Cypherpunks, freedom and the future of the internet.
Book written by:
• Lots of internet figures, many technical
Assange really drives the conversations.
Really are conversations between authors. Bouncing around.
Interesting: cite their degree of governmental surveillance as accolades almost
book about Governmental relationships with the internet.
Starts out with reminder: “The platonic nature of the internet, ideas and information flows, is debased by its physical origins.”
• Highlights the danger of internet becoming controlled
• World wireless ideal direction (signal jammers)
• I think should lead to cables being international property
Thesis: internet liberated by cryptography. Governmental DOS’ still possible, but by that point shit is bound to hit the fan.
Two motivations to this discussion:
• Increase in mass communication online (more ways, e.g. business talk, political affiliation via search history, etc). More to lose!
• Increase in mass surveillance from governments. More being taken.
Sort of thinking paranoid style: government previously owned all ways of self-teaching: libraries, now they want internet
I see it: problem with Assange and company:
• Haven’t done anything wrong (arguably)
• Govs are scared they’ll enable someone to do something wrong.
Leads me to my first major observation:
• Lots of parallels between fundamental human rights.
• Especially those in Bill of Rights
First example: I see encryption, and general tech, as similar to right to bear arms: can be used in a terrible way (plotting terror attacks) or great way (necessary revolution). Mass surveillance is taking away the right to convene privately, away the right to guns.
Move on to militarization of cyberspace.
Talk about how military is occupying internet.
Internet is being used as a battleground between nation states.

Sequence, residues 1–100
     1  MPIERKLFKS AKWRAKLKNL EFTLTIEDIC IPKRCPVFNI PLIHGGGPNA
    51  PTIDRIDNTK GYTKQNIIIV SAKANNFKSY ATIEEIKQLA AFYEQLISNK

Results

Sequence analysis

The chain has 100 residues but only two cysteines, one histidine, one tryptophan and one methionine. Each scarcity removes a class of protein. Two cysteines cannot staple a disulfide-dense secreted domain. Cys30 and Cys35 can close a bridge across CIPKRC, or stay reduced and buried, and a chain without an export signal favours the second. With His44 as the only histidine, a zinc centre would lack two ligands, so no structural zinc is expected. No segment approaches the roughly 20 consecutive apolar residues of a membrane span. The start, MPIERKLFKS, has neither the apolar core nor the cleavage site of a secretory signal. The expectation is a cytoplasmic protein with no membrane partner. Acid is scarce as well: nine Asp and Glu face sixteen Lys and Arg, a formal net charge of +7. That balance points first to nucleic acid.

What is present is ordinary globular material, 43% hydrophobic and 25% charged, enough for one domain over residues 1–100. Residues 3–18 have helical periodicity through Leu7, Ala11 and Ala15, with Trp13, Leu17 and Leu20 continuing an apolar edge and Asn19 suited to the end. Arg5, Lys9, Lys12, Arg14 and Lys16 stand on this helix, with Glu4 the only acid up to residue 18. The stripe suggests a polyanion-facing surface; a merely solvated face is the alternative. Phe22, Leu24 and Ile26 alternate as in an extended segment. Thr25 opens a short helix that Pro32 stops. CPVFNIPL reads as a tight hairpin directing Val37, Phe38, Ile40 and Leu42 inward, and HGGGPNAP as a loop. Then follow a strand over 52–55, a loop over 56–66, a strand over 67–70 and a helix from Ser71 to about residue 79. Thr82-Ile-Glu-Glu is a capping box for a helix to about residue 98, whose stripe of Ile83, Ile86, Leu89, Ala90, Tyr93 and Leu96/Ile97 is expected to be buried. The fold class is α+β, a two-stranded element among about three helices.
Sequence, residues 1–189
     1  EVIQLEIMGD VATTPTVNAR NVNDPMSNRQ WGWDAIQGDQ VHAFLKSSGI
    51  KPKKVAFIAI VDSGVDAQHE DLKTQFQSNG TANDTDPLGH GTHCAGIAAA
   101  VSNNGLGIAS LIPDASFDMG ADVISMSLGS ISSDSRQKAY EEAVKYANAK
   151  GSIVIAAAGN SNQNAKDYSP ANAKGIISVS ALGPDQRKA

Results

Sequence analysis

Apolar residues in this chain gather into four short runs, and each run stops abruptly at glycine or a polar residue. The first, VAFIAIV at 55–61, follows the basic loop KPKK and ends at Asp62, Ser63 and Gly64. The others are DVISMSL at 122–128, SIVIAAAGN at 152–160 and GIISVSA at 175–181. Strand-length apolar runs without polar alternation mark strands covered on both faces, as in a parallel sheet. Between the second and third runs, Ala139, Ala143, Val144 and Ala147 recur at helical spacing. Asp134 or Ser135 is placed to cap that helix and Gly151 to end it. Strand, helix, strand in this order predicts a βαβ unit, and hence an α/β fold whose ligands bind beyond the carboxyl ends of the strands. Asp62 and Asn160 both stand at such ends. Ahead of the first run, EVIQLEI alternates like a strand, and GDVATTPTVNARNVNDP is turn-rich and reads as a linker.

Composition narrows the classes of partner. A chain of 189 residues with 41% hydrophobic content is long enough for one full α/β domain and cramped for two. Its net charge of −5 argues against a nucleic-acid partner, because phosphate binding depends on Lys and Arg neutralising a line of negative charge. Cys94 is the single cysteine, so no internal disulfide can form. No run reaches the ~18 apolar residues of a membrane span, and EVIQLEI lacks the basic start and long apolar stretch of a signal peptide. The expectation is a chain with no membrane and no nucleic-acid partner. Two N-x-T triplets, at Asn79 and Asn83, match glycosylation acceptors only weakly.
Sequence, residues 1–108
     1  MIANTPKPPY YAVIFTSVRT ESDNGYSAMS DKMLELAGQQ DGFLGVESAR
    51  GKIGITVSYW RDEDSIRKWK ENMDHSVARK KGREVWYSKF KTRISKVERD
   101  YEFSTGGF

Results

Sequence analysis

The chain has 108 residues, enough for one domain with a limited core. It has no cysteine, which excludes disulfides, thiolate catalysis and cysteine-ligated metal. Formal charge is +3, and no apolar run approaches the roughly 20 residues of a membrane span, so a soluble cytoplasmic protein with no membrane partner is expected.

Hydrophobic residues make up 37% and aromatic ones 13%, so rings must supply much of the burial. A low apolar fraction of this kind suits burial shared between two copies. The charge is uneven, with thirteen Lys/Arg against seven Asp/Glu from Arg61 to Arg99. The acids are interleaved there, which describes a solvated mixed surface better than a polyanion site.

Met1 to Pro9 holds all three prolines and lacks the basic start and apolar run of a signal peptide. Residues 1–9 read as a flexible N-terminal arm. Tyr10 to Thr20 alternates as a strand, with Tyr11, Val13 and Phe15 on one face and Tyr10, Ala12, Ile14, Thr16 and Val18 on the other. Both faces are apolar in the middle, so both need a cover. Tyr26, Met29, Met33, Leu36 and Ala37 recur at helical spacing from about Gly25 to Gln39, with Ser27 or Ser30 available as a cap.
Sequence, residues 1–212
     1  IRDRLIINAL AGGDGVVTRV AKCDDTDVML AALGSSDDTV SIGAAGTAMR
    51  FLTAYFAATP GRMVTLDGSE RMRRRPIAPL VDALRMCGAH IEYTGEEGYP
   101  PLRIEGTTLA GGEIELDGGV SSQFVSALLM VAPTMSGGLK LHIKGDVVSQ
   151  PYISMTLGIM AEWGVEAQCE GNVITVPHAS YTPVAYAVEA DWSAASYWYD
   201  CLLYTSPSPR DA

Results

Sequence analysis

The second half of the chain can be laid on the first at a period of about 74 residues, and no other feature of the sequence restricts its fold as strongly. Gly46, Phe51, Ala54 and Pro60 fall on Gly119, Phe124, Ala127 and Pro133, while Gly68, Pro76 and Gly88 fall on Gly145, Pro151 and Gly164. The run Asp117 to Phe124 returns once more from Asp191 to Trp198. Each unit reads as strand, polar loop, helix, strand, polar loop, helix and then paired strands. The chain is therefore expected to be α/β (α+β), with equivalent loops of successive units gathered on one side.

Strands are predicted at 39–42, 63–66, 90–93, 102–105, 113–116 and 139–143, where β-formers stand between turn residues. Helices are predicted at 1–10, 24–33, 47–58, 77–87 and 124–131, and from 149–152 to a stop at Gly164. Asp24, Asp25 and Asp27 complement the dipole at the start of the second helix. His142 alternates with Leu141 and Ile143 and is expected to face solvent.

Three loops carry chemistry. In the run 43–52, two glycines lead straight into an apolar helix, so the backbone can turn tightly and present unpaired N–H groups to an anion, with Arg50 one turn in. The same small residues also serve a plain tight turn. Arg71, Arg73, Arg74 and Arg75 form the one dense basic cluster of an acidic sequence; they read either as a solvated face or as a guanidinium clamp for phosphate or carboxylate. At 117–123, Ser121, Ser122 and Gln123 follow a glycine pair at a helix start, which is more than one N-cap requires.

But our private life is on their too. Relates to 3rd amendment, no “soldier can be in home of owner without consent during peacetime”.
The navy has hacking conventions, simulating capture the flag essentially.
[Can mention the Facebook ad I got on my phone]
Companies recruit, etc. Abblebaum had this to say:
• “They weren’t promoting creative thinking or some kind of framework for independent analysis; they were pushing a cog-in-the-machine-mentality of someone who follows orders for the good of the nation.”
From one of the optional Youtube videos Dr. Jones posted, Abblebaum talks about Tor. In it, he mentions the evil players in this market. Cisco, for instance, designing mass surveillance for other countries.
• Talk about personal experience at Cisco.
⁃ During my time, asked execs about net neutrality.
⁃ They’ll do anything for their clients, money.
The future: IFTTT security procedures.
Finally, they talk about bluring line between gov and private sec. Almost like “separation of church and state” but now separation between state and private sector.
Twitter, Google received a 2703(d) notice, which is a secret subpoena for metadata which doesn’t require a warrant. Twitter fought to notify the users, Google didn’t.
“but as it stands right now, the court said that on the internet you have no expectation of privacy when you willingly reveal information to a third party, and, by the way, everyone on the internet is a third party.”
“Actually, we made some calculations in the Chaos Computer Club: you get decent voice-quality storage of all German telephone calls in a year for about 30 million euros including administrative overheads”